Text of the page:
Review of Lady in the Van at Theatre Royal Bath

Powerhouse performance in Hull Truck revival


Lady in the Van by Alan Bennett – Theatre Royal Bath


This much talked about revival of Hull Truck Company’s original production to celebrate its 40th anniversary is full of the production genius we have grown to expect from them.

It would be easy to think that it is all an urban tale, a lady who lives in a van parks outside the home of Alan Bennett and subsequently moves into his garden and the 3 month agreements turns into a 15 year relationship. But the circumstances are absolutely true, the script nods to which episodes fall into artistic license and the audience are led, through a series of episodes chartering key points in the lives of both Bennett and Miss. Shepherd; the latter of whom battles with inner demons; guilt from an earlier accident, her life as an ambulance driver during the war, the torment from a Convent and the acknowledgement that she could have been a concert pianist.


Nicola McAuliffe is totally hypnotic, her ageing process utterly believable and whilst we listen to her deluded ramblings the control of the script is magical.  McAuliffe is a confirmed expert of comedy and her expert timing draws further empathy from us and her decline into the inevitable end is totally compelling.  This is no doubt a powerhouse of a performance and a master class for anyone who considers themselves a performer.


As the script is written by Bennett, it is easier to accept the two representations of Bennett on stage – both Sean McKenzie and Paul Kemp are visual excellent as the familiar Bennett. They interact with each other and the rest of the company in their dialogue one challenges the other. One is a timid, quiet, non confrontational Bennett, the other an angry, critical slightly resentful Bennett. The script hints at the self critical Bennett, his jokes about Joe Orton’s writing also pertinent and witty.


The play is episodic and Miss. Shepherd remains a total enigma, we don’t really learn a great deal about Bennett the man either but this does not distract from a beautiful production; the wonderful van / vans are magical centre pieces.


The rest of the company play many roles effortlessly from sympathetic if slightly relieved neighbours to a greatly observed social worker.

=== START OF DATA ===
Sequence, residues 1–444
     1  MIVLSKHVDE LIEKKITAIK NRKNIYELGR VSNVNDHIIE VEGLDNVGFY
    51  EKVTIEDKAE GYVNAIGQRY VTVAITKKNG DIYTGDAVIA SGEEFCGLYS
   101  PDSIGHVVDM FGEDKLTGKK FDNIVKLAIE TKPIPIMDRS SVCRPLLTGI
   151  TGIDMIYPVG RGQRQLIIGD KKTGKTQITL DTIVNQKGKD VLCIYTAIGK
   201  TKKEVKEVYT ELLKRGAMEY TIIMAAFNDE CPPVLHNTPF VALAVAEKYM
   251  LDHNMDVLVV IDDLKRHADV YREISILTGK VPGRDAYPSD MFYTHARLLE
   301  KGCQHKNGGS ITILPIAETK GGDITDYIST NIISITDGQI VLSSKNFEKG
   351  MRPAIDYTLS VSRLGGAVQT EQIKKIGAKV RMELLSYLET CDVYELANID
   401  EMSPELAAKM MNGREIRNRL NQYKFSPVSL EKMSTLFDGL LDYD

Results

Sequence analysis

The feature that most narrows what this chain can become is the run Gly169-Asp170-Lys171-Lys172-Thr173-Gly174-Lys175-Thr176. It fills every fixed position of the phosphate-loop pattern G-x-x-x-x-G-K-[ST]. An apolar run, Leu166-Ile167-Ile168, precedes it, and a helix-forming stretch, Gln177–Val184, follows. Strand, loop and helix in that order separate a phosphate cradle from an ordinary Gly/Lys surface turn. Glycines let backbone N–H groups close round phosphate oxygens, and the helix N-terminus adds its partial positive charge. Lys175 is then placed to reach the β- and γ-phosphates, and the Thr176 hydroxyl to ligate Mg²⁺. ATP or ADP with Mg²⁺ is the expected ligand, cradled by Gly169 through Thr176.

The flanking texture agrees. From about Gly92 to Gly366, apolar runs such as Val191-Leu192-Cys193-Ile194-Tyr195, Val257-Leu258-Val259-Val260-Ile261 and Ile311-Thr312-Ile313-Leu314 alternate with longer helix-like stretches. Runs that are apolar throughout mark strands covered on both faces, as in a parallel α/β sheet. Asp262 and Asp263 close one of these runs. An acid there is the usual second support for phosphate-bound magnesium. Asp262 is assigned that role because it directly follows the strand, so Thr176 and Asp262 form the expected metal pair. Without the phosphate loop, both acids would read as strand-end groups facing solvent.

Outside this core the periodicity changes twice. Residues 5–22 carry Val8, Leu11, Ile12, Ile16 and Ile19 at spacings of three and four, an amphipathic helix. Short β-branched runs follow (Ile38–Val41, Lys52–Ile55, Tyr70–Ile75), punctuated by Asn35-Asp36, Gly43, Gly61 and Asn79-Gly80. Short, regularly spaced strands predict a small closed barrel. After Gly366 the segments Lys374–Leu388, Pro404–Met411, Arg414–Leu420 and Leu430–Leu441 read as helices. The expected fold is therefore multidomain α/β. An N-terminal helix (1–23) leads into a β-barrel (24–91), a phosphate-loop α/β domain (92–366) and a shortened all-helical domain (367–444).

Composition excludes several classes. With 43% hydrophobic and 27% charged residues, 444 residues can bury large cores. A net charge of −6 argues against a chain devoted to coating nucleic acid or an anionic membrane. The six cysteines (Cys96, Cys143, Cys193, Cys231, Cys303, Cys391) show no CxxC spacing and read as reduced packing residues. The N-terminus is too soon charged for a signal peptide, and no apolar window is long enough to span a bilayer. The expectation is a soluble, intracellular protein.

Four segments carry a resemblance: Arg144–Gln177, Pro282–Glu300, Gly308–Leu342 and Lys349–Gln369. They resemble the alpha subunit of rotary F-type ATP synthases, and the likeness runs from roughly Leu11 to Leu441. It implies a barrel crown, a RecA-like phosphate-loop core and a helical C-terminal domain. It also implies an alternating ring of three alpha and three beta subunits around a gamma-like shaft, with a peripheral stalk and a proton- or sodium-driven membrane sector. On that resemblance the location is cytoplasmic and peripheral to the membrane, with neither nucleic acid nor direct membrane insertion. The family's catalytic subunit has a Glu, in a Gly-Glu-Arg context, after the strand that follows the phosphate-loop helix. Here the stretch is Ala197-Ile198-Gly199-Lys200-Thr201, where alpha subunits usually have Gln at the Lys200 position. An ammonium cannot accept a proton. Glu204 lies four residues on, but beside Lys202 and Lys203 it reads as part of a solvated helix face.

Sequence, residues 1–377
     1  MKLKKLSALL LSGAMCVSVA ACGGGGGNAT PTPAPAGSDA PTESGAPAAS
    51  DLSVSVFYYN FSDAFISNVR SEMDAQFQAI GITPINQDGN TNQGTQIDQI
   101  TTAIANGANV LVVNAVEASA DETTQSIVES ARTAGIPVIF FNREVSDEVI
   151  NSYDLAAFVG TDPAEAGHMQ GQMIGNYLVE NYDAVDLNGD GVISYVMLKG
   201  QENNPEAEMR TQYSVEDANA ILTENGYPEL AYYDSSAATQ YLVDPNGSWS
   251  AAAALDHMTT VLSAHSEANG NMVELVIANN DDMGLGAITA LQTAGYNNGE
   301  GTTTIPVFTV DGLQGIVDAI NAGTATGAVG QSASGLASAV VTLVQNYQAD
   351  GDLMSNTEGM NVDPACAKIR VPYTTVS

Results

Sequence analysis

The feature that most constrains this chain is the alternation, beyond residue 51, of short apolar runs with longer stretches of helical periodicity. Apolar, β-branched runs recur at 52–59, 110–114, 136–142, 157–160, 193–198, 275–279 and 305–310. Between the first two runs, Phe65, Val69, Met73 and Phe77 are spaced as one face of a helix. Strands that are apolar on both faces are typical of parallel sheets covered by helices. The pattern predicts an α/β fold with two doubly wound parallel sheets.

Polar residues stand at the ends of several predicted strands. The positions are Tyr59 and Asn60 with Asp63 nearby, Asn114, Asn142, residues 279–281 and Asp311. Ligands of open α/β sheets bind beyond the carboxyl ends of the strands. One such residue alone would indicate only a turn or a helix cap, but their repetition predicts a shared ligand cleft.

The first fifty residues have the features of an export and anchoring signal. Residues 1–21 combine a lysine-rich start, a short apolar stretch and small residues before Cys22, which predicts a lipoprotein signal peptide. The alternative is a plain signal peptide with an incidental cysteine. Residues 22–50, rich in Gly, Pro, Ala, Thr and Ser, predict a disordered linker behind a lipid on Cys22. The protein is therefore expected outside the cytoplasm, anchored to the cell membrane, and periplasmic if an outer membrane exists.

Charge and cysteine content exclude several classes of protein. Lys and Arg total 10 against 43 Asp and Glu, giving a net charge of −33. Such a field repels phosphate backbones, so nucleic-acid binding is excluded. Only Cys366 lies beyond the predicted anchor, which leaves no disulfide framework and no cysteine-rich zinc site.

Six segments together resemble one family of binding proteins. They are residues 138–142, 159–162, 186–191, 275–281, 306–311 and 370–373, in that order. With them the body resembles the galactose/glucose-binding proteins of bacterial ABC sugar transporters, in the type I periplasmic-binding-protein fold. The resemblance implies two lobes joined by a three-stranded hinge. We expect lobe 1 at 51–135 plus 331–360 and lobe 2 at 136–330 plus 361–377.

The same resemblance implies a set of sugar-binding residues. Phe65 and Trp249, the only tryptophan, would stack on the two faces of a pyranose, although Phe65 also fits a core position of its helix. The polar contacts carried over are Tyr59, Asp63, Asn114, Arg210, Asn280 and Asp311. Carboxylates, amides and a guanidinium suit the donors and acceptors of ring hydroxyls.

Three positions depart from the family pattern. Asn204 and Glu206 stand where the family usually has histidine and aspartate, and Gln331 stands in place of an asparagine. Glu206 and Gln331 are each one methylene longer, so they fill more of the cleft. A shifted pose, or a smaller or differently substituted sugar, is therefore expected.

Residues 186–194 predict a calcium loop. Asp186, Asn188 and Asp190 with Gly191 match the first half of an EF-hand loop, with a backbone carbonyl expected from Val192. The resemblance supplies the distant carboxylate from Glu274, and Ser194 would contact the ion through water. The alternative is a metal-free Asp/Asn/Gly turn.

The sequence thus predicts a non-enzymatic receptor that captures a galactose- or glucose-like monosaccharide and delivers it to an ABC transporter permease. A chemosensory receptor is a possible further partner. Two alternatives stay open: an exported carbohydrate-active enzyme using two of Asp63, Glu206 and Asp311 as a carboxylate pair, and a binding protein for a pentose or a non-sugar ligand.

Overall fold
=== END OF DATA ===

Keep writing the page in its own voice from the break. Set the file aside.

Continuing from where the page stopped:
The staging, lighting, direction all fit seamlessly together, the skilful direction from Sarah Esdaile allowing the journey to flow smoothly, the energy and interaction on stage set against the static van keeps the pace alive and we are drawn into such an extraordinary moment in the life of a “celebrity” and a “lady in a van” The exceptional show of generosity from Bennett – not many people I know would do the same, is an unexplored avenue.  Maybe they just fit together their coexistence giving each other an identity.


Petra Schofield


The tour ends this Saturday, a triumph for Hull Truck once again.

Performances continue until Saturday 01225 448844

About Petra

Petra is a freelance theatre professional - Artistic Director of Magic Penny Productions, Production Director for Music is Life Productions Ltd and a freelance theatre director / producer available for work across the South West. Petra writes and directs for the Merrimen Youth Company and in 2012 created Magic Penny Productions, a theatre company accessing the history curriculum through drama. The first project culminated in a series of workshops and a bespoke production for Peasedown St John primary school in June 2013 alongside a multi media exhibition showing research and history from across the entire community. Petra directed RENT! for BODS at The Mission Theatre, Bath and Pencoweth a brand new musical at The Rondo Theatre in September 2013 for Music is Life Productions. Recently commissioned to form a community Theatre Company and write a play based on A Midsummer Night's Dream for performance in June 2014 as part of The RSC Open Stages Project.
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